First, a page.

Aci, Galatea e Polifemo

Composer: Handel George Frideric

Arias (sheet music for voice and piano):


As When the DoveLove in her eyes sits playingO ruddier than the cherryWould you gain the tender creature

Acis (Tenor)

Love in Her Eyes Sits PlayingLove Sounds the AlarmWhere Shall I seek the Charming Fair?

Damon (Tenor)

Consider, Fond ShepherdShepherd! What Art Thou Pursuing?Would You Gain the Tender Creature

Galatea (Soprano)

Heart, Thou Seat of Soft DelightHush Ye Pretty Warbling ChoirOh! didst thou know the pains of absent love

Polyphemus (Baritone/Bass)

Cease to Beauty to be SuingO Ruddier Than the Cherry!

Vocal score

Qui l'augel da pianta in pianta PDF 0MbVerso già l'alma col sangue PDF 0Mb

Full scores

"Aci, Galatea e Polifemo" PDF 21Mb
Vocal: soprano, alto, bass
Orchestra: flute, 2 oboes, 2 trumpets, 2 violins, viola, 2 cellos, continuo (harpsichord)
Aci, Galatea e Polifemo (HWV 72) is a dramatic cantata—also called a serenata—by George Frideric Handel. It was first performed at Naples on 19 July 1708; the completed score is dated to 16 June 1708. The serenata was commissioned by Duchess Donna Aurora Sanseverino for the wedding festivities of the Duke of Alvito, Tolomeo Saverio Gallo, and Beatrice Tocco di Montemiletto, Princess of Acaja and niece of Aurora Sanseverino.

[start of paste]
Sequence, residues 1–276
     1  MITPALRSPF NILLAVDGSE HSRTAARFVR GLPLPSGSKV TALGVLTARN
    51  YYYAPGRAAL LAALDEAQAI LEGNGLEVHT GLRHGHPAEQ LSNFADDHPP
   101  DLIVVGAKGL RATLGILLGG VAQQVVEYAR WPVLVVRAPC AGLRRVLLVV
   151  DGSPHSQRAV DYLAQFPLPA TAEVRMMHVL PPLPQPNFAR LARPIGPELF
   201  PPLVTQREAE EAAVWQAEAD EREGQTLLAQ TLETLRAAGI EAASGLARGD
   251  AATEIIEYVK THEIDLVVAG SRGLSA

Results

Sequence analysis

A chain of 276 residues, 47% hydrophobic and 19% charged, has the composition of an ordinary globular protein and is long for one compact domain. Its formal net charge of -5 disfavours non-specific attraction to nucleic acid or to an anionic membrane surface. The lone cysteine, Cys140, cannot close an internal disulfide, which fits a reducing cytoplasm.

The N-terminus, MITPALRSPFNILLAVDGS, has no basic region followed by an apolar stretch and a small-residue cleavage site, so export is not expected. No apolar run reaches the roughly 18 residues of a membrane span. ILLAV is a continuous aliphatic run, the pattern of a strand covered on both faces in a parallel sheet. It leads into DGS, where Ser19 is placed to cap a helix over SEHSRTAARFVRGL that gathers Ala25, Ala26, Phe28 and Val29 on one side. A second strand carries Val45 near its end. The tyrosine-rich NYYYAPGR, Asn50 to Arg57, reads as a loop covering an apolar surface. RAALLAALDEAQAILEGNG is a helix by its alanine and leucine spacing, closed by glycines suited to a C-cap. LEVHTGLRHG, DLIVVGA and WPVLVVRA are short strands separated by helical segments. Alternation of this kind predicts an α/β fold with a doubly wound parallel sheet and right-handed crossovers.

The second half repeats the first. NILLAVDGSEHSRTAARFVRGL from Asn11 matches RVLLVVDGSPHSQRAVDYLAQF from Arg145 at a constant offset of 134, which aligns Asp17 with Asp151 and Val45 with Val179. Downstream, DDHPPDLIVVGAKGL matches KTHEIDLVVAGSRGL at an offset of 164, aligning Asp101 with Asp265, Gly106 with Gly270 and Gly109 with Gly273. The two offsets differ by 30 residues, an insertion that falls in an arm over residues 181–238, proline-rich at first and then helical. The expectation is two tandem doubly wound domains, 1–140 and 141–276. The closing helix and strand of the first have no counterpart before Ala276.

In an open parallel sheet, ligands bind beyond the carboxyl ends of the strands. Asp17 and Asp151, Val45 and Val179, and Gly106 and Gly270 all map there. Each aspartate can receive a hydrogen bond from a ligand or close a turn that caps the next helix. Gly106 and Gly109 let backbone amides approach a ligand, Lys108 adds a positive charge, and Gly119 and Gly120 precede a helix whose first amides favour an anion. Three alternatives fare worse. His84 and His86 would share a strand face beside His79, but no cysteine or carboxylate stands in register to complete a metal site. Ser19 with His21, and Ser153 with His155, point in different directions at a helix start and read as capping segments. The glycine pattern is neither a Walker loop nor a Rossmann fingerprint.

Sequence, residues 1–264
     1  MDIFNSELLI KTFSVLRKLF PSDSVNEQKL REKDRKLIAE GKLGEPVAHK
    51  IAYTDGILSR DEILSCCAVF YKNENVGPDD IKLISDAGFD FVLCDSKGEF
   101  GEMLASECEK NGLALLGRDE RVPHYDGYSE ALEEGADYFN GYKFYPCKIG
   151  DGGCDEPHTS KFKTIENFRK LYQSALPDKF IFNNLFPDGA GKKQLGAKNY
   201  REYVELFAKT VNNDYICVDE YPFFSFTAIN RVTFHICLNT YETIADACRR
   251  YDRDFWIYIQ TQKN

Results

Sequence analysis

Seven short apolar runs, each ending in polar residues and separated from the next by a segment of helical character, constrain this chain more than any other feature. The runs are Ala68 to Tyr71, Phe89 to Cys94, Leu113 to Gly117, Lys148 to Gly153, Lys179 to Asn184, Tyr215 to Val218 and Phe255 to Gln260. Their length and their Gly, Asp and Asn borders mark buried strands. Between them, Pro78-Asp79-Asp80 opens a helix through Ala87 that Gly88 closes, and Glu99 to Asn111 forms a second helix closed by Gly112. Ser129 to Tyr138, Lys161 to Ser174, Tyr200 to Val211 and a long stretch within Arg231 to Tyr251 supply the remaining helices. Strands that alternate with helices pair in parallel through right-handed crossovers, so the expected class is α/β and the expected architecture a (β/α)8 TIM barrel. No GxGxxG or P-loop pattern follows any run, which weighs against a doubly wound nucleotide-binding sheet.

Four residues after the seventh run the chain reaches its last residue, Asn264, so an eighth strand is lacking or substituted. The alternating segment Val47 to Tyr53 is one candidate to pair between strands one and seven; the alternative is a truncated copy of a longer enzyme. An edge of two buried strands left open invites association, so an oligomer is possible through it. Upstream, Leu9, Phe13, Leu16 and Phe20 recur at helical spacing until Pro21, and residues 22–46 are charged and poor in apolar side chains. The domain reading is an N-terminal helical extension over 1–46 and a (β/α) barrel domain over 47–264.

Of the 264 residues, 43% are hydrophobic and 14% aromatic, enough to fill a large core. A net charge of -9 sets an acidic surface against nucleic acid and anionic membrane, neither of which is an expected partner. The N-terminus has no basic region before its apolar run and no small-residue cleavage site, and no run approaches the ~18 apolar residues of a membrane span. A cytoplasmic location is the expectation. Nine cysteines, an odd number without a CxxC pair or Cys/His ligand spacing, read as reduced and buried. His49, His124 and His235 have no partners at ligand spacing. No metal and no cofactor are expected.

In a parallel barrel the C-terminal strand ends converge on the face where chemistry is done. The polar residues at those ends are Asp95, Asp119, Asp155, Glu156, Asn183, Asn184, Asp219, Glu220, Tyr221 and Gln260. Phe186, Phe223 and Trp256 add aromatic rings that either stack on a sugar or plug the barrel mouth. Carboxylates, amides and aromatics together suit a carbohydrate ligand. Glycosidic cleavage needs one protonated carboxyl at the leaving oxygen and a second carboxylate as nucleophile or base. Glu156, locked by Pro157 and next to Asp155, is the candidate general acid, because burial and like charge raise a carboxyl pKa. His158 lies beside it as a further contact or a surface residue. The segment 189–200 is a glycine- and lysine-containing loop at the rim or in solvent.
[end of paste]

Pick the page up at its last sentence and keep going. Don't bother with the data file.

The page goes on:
The Italian libretto was written by Nicola Giuvo, private secretary and literary adviser of Duchess Sanseverino. The plot is virtually the same as in Handel's later English-language pastoral opera Acis and Galatea, but Handel drew little on the music of the cantata when he returned to the story in 1718, although he did take care to introduce the half-lovable villain — the one-eyed giant Polyphemus — with another signature comic aria, faster and demanding virtuosity of a different kind than the one in Aci (see below), namely, "O ruddier than the cherry."
The role of Polifemo (Polyphemus), a cyclops whose actions have lethal consequences for Aci (Acis), is particularly notable for the vast range and singular vocal agility required. The part ranges from the D below the bass staff to the A above it — and that in his main satirical slow, ponderous buffa aria, "Fra l'ombre e gl'orrori". The role may have been taken at the premiere by the bass Antonio Manna, who sang at the court chapel in Vienna.